Spring brings forth fresh albums

Justin Rodstrom

Believe it or not, great music is still being made, deep in the annals of the recording industry.

If you’re not careful, you might miss it, but here are two of the best: Black Mountain and Sun Kil Moon.


Sun Kil Moon

Though no longer the Zen master so beloved from “Ghosts of the Great Highway,” Mark Kozelek’s latest batch of Midwestern angst titled “April” still blossoms with the understated eloquence of the songwriter’s style. Kozelek’s cozy writing seeps through to almost 10 minutes on the first track, “Lost Verses,” where time is well lost in daydreaming, pondering clouds of violin and acoustic guitar. It is hard to say exactly where the time goes, with three tracks approaching or exceeding the 10-minute mark.

In a bit of a ploy, “April” will be released on April 1 in the United States by Caldo Verde Records, Kozelek’s home for the past three years.

Founded by Kozelek in 2005 as an outlet for his art, Caldo Verde has seen the mastermind behind Red House Painters and Sun Kil Moon grow into his own tainted, romantic voice.

There are moments where the album seems like just another extension of the Kozelek songwriting formula, but amid these things, the harmonies that ache their way through songs like “Unlit Hallway” are often too genuine to be left unfelt.

And even if there are moments where focus is lost, the highs are still too high to write this album off as anything less than gorgeous.

Hot Tracks: “Lost Verses,” “Heron Blue,” “Tonight in Bilbao”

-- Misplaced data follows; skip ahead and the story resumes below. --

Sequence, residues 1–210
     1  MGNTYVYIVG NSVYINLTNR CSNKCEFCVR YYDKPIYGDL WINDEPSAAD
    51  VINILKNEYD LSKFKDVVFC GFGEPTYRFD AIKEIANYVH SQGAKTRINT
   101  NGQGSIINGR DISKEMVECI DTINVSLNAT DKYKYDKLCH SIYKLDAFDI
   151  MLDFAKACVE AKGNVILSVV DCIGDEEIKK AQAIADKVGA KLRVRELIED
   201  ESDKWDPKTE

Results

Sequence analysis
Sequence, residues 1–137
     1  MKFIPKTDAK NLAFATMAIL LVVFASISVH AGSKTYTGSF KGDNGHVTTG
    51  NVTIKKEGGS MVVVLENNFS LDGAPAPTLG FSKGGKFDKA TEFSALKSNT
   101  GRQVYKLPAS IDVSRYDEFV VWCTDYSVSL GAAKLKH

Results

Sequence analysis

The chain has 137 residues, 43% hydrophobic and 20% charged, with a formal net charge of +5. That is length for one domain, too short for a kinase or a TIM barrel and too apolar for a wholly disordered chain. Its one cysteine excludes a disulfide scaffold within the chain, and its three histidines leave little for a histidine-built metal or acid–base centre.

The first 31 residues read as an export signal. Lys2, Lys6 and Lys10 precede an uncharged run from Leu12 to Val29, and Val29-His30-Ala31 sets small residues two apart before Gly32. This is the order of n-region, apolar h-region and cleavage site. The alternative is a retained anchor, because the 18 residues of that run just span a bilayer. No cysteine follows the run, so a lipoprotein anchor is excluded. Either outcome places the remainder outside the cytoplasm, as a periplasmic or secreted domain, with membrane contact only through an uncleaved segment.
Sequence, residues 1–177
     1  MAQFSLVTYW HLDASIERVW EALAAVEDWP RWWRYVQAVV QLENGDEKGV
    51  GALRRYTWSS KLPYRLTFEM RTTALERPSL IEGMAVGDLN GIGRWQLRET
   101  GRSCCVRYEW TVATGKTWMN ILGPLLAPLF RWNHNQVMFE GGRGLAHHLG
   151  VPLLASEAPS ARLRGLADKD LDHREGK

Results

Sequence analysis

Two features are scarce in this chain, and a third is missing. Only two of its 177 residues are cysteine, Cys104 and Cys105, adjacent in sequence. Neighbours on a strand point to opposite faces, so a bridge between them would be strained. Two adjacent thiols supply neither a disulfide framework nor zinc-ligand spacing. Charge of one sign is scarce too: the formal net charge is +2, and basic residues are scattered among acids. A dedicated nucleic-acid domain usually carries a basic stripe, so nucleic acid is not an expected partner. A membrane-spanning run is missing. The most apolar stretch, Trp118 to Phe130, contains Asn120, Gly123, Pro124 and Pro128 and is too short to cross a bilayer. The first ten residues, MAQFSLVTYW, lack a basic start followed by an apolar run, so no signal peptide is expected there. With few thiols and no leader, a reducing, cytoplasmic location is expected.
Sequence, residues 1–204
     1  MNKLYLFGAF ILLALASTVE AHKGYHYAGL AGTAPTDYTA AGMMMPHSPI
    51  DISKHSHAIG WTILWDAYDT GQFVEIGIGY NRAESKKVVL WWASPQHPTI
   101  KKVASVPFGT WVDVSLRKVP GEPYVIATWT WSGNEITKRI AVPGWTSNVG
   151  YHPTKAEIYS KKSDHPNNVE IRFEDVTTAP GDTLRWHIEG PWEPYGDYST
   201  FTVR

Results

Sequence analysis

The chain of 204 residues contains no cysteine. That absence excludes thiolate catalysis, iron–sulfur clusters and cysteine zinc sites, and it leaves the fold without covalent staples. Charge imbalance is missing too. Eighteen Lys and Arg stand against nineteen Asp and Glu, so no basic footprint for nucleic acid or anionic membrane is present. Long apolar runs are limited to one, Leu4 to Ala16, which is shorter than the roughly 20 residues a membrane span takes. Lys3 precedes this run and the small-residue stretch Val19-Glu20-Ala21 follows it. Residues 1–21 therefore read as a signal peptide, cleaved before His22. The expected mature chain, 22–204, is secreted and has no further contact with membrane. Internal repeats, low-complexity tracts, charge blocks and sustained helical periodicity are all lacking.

“In The Future”

Black Mountain

Black Mountain has grown light years beyond its first album, “Black Mountain,” with the recently released “In The Future.”

Witchy, black Grace Slick-esque vocals haunt such drone harmonies as “Queens Will Play” and ’70s prog-metal freakout “Tyrants.”

The creation of rock visionary Stephen McBean, Black Mountain have cocooned into a cataclysmic crash landing of Jefferson Airplane, Black Sabbath and Wolfmother, and they’ve done it right.

Even if there may be a thread of traditionalism to Black Mountain’s latest serving of alt rock, justice is served with side-winding swells of distortion-laden guitar work and crunch-boogie mellotron.

Another distinction between this and the last album is song length.

The premise of “Black Mountain” was short, succinct blues/alt-rock jams along the lines of Black Rebel Motorcycle Club.

“Wucan” sends you into a psychedelic-mellotron-improv coma, only otherwise reached by revisiting Pink Floyd’s “Any Colour You Like.”

To lighten things up, a bit of comedy enters into “Stay Free” with the amusing, if slightly absurdist line: “Beautiful ponies, so beautiful … they’ll kill us all!”

Even if it sometimes takes Black Mountain a while to get where it’s going, if you’re into transcendentalist dark matter rock and roll, “In The Future” will put you in your happy place.

You can call ’em indie, rock n’ roll or stale pizza, but whatever you call them, they’re well worth the listen.

“In the Future” is available everywhere.

Hot Tracks: “Tyrants,” “Wucan,” “Bright Lights”